Abstract 1160: The Anti-angiogenic Factor, Tenomodulin, Has A Pivotal Role In Maintaining Avascularity Of Chordae Tendineae Cordis
[Introduction] Cardiac valves and chordae tendineae cordis (CTC) are avascular tissues, although their avascularity is abrogated in several valvular heart diseases. We had recently reported that cardiac valves express chondromodulin-I (Chm-I), an angioinhibitory factor purified from cartilage, but it is not expressed in CTC. Instead, we found that tenomodulin (TEM), a Chm-I-related anti-angiogenic factor isolated from tendon, is expressed in CTC. This study investigated the molecular mechanisms underlying the avascularity of CTC.
[Methods and Results]
RT-PCR showed TEM was first expressed in the murine heart at embryonic day 14.5, and was constantly expressed in the adult. It was specifically expressed in CTC, but absent in the atrium, ventricle or cardiac valves. Western-blot analysis showed the same results.
Immunohistochemistry of the murine heart showed localization of TEM to CTC. Hematoxylin and eosin staining, elastica van Gieson staining and immunohistochemistry revealed that the expression of TEM in normal human CTC was restricted to the elastin-rich mid-layer, and was not found in the endothelial or core layer. No vessel formation was found in normal CTC.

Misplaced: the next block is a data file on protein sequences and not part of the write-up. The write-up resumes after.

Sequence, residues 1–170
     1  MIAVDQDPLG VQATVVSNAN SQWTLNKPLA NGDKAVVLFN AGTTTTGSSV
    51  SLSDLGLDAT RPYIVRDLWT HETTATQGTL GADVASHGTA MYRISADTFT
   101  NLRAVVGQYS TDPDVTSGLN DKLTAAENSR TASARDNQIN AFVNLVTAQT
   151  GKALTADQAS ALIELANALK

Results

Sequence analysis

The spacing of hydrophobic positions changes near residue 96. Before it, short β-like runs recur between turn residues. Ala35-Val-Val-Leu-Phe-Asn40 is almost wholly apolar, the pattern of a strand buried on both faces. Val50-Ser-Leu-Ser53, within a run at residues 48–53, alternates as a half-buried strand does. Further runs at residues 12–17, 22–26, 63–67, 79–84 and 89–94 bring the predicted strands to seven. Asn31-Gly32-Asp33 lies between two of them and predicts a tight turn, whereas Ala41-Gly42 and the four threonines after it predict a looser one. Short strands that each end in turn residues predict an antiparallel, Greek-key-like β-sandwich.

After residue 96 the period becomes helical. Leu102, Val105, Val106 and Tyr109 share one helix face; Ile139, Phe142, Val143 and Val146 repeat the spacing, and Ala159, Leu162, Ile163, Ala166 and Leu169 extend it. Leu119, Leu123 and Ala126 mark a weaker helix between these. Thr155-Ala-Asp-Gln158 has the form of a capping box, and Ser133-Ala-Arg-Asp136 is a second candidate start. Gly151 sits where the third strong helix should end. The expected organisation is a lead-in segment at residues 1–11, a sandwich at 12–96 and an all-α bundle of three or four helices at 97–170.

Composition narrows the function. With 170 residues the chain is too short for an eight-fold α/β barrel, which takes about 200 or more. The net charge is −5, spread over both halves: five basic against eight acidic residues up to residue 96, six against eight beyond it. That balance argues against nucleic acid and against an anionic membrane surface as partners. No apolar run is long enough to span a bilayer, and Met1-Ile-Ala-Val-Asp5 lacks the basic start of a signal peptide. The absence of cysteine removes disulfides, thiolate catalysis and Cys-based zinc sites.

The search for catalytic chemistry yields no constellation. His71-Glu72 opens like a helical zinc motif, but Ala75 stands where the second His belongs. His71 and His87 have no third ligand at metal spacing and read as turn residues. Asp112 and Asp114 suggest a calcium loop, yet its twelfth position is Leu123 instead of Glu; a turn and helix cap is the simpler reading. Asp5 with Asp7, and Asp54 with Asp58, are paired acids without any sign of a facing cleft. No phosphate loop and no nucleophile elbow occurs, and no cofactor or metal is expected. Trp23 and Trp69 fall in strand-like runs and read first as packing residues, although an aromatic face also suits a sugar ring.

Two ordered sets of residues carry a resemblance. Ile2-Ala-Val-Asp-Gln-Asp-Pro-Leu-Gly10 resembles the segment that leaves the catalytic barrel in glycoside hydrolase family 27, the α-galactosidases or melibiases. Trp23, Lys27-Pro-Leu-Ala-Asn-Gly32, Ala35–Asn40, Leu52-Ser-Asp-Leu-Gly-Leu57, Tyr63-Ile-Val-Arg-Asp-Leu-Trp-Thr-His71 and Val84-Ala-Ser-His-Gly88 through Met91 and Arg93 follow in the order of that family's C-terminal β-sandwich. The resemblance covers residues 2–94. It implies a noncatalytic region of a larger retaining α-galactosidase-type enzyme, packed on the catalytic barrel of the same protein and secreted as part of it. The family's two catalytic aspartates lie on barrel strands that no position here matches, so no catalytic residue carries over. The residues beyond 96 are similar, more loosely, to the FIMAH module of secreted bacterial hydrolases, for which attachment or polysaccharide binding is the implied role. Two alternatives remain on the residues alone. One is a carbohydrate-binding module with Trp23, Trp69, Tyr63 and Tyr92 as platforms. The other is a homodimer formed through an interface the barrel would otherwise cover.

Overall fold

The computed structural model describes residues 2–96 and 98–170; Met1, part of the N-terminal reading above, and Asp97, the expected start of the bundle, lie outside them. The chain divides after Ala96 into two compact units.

Immunostaining of the CTC interstitial cells (CTC-ICs) obtained from the explant cultures of rabbit CTC showed TEM in the cytoplasm of CTC-ICs. RT-PCR confirmed that cultured CTC-ICs expressed TEM, which was inhibited by treatment with specific small interfering RNA (siRNA).
Capillary-like structures of human coronary artery endothelial cells (HCAECs) were less prominent following treatment with conditioned medium from CTC-ICs compared with mock or NIH3T3 cells. Quantitative analysis showed that CTC-ICs-CM inhibited the tube formation by 58.3% and that TEM-specific siRNA led to the recovery of tube formation capacity by 38.7%.
In a modified Boyden chamber, HCAECs cocultured with CTC-ICs lost their migratory capacity compared with NIH3T3 cells. Quantitative analysis showed that CTC-ICs decreased the number of migrated cells by 73.2%, and that siRNA specific to TEM recovered the migratory capacity by 36.6%.
[Conclusion] TEM is expressed in CTC specifically and inhibits angiogenesis. TEM plays a key role in maintaining CTC function.